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Cricket is an illustrated literary magazine for children published in the United States, founded in September 1973, by Marianne Carus, whose intent was to create "The New Yorker for children." Marianne Carus still serves as the magazine's editor-in-chief.

Each issue of Cricket is 64 pages. The magazine is published nine times a year (monthly, excluding June, July, and August) by the Carus Publishing Company of Peru, Illinois. Its target audience is children from 9 to 14 years old. Until March 1995, Cricket was published by the Open Court Publishing Company of La Salle, Illinois, now part of Carus.

Cricket publishes original stories, poems, folk tales, articles and illustrations by such notable artists as Trina Schart Hyman, the magazine's art director from 1973 to 1979. Carus has solicited materials from well-known authors and illustrators, including Lloyd Alexander, Isaac Bashevis Singer, Hilary Knight, William Saroyan, Ursula K. Le Guin, Eric Carle, Wallace Tripp, Charles Ghigna and Paul O. Zelinsky. Cricket also runs contests and publishes work by its readers. Hyman contributed to the magazine until her death in 2004.

One distinct feature of Cricket is the illustrated cast of recurring characters that appears in the margins of each issue, similar to a comic strip. These characters include Cricket, Ladybug, and other friends, most of whom are also insects. The characters are involved in a storyline that runs throughout the issue, but also comment on the articles above them. They define difficult words, draw attention to unusual facts, and otherwise annotate the magazine's content.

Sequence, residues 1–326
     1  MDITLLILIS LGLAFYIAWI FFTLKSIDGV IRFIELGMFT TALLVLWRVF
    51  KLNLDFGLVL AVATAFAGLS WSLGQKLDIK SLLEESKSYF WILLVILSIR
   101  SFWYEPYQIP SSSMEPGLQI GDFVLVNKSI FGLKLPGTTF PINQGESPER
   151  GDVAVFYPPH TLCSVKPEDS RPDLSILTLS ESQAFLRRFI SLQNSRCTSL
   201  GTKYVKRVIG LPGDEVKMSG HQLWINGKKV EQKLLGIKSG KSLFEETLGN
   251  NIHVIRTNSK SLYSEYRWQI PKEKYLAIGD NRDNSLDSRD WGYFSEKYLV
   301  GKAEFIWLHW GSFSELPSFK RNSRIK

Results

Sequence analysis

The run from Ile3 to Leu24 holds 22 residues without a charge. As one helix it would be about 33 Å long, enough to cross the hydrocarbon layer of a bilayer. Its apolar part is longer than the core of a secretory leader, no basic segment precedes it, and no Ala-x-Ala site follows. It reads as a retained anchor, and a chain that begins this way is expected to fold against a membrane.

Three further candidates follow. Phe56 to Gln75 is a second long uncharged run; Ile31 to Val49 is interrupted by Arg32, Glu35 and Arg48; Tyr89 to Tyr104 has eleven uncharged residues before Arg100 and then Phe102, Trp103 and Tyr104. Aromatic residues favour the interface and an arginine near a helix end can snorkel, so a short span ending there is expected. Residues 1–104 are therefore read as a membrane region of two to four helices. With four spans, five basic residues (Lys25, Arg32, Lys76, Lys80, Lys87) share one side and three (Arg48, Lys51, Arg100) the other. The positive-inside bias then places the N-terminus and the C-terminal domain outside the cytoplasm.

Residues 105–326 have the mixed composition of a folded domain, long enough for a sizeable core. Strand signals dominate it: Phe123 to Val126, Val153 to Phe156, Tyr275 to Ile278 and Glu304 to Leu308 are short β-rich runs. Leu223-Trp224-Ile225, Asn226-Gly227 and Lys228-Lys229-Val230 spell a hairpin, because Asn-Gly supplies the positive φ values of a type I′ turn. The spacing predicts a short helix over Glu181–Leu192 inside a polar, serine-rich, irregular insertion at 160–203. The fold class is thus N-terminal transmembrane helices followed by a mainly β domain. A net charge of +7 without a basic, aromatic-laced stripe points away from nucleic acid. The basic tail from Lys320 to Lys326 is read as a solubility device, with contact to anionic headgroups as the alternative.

On the last page of each issue is the "Old Cricket Says" column, in which Old Cricket points out a bit of wisdom or a witticism, or introduces themes to be explored in the upcoming issues of Cricket. This recurring column has been ghostwritten by a number of authors and editors who worked for Cricket, but a preponderance of them were written by author Lloyd Alexander until his death in 2007.[1]

With time, the magazine has branched off into several spin-off magazine for different age groups, currently Babybug (up to 3 years old), Ladybug, (2-6), Spider, (6-9) and Cicada, for teenagers.

In 2003, Cricket Books published Celebrate Cricket: 30 Years of Stories and Art (ISBN 0-8126-2695-8), a retrospective that republishes stories from the magazine and includes interviews with some of the founders and contributors.

References

  1. ^ Alexander, Lloyd. "Old Cricket's Family Album." In Celebrate Cricket: 30 Years of Stories and Art, edited by Marianne Carus

External links

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